Peter Craigie confronts the reality of God’s involvement in warfare, particularly as revealed in the Old Testament, in his brief book The Problem of War in the Old Testament. He does not attempt to soften the blow of some of the harsher passages found in Scripture, but rather attempts to develop a theology of warfare that helps us understand the record of the Old Testament.
Craigie identifies three problems created by the war material in the Old Testament, including;
- The Problem of God: the theological problem of reconciling God as Warrior with a God of love.
- The Problem of Revelation: understanding why all of this war material was recorded in Scripture.
- The Problem of Ethics: reconciling the ethics of the Bible.
Craigie argues that the primary affirmation concerning God found in the Old Testament is that, despite His transcendence, the living experience of the immanent God is to be found within the fabric of human history. God works through history, and thus He works through sinful humans. This entails that God’s activity in the world must be associated with sinfulness. As the ultimate sovereign of human history, God will necessarily have some kind of relationship to war.
The existence and survival of states in the ancient world, Craigie points out, depended upon military might. Even treaties for peace between nations required the presence of military might to reinforce the contract. Even if Israel chose to never engage in proactive war, the nation would inevitably face war initiated from neighboring states and enemies.
Craigie challenges the so-called “Just War Theory,” which was advocated by the Church Fathers Ambrose and Augustine and which finds many contemporary proponents. According to this theory, war must be governed according to certain rules. Craigie contends that, to the contrary, real war is not a game played by rules. If war is to be waged at all, it must be done thoroughly. Rather than romanticize warfare or gloss over the horrors, the Old Testament realistically pictures warfare as it really is- brutal, inhumane, and tragic.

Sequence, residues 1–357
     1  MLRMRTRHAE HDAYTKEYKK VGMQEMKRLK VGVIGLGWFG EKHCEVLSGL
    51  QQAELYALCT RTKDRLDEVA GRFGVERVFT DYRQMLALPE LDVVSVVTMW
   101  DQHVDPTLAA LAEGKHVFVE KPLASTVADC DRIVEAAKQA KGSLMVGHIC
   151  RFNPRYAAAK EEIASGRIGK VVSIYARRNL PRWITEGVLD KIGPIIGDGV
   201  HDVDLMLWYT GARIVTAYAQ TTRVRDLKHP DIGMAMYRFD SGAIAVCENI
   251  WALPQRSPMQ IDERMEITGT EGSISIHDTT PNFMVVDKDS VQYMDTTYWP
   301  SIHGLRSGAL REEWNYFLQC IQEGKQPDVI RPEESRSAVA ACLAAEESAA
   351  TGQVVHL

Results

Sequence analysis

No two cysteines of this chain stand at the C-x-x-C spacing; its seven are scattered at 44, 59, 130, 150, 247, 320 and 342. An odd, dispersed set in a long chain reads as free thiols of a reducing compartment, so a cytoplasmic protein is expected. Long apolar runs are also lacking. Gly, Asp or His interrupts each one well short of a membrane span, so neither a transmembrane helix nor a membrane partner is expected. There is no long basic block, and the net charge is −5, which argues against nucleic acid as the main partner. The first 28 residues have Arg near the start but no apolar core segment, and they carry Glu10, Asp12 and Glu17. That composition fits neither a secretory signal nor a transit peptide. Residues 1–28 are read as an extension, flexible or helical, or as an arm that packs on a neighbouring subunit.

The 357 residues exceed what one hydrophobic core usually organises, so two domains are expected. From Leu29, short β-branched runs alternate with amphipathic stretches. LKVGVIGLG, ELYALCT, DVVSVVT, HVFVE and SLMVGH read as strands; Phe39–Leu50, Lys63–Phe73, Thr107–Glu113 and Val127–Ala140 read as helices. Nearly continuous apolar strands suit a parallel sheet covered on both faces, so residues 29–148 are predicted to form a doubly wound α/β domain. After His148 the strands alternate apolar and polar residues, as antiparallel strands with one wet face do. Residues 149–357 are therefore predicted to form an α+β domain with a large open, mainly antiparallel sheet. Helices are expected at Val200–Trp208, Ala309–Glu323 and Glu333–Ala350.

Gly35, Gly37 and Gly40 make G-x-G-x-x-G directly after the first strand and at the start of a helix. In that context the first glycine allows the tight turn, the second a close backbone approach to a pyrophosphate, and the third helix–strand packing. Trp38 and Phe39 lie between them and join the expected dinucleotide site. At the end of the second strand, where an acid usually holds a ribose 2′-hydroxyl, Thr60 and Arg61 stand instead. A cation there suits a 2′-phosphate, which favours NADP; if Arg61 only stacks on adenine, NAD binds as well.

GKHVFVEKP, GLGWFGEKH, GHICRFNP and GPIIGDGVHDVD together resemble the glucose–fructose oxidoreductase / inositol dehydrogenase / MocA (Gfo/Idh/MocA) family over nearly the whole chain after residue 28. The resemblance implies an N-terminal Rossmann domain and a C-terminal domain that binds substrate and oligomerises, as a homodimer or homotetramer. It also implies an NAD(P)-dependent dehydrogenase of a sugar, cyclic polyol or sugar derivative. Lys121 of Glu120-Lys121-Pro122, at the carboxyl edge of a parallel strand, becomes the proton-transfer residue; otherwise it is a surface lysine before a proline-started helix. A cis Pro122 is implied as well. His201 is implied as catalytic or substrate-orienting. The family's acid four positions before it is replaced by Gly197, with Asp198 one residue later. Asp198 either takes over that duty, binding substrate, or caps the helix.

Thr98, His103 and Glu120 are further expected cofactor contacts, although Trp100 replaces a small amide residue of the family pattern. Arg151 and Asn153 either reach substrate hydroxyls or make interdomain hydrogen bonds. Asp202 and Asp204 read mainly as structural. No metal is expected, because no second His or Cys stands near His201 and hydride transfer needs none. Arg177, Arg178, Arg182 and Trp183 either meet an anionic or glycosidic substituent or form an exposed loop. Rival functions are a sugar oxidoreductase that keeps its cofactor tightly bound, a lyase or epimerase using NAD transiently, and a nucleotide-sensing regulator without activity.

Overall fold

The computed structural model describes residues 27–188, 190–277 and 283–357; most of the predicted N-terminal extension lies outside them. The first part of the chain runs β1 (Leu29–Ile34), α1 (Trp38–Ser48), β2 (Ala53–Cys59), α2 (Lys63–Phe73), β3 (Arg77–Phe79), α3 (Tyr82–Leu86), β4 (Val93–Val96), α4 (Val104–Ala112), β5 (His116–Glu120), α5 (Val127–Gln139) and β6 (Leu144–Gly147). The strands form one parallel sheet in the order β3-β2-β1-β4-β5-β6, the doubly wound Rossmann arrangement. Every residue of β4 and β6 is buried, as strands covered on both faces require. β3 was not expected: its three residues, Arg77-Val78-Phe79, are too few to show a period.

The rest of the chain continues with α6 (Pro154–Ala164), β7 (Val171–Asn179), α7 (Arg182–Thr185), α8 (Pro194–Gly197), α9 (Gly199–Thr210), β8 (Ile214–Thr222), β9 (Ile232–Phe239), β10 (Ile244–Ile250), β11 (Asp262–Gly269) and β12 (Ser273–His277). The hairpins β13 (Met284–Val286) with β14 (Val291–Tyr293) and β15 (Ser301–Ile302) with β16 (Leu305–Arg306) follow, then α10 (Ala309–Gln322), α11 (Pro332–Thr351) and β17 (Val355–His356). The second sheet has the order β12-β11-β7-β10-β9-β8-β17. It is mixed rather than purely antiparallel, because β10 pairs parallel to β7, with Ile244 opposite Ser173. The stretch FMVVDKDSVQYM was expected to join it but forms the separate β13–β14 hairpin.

The Problem of God can start to be answered when we realize that God is a warrior because men wage wars. Since God works through men, He is intimately and inevitably involved in history. The Problem of Revelation can be addressed when we interpret the Old Testament as a whole- not just the conquest narratives, but also the defeat narratives. Craigie identifies two themes emerging from this broad material; 1.) man and the state are alike, and 2.) God’s purpose for the redemption of all mankind was to be realized through the Kingdom. While the Old Kingdom of the OT was established by the use of violence, the New Kingdom ushered in by Jesus Christ is established by the receipt of violence, when God the Warrior became the Crucified God.
When dealing with the Problem of Ethics, Craigie advocates a ‘dual-citizenship model. Christians are citizens of the Kingdom of God, where there is no violence, but they are also citizens of the state, where violence is a necessity. Real problems arise when we mix or confuse the two citizenships.
Peter Craigie’s attempt to address the warfare material of the Old Testament is bold and realistic. However, his analysis is rather brief and many of his points could benefit from more justification. Craigie also seems to overlook the fact that, regardless of the truth of Just War Theory, there are certain warfare behaviors that a loving and righteous God should never support or command. For example, it would presumably be wrong for God to advocate that enemies be killed in tortuous ways rather than quickly in order to inspire fear in enemies. Such brutality may be advantageous from a purely warfare perspective, but very troubling from an ethical standpoint.
Nevertheless, for those troubled by the problem of war in the Old Testament, Craigie’s analysis should prove helpful. I think his point about the inevitability of warfare, especially in the ancient world, is particularly important. It may be rather naive to suppose that Israel could have survived as a nation without engaging in conquest warfare. Nevertheless, the Biblical testimony also reveals that these conquest wars were used as a form of judgment against the nations conquered. Even though he does not answer all of the tough questions about war in the Old Testament, Craigie’s work serves as important foundational material that may help us develop a more credible perspective on this issue.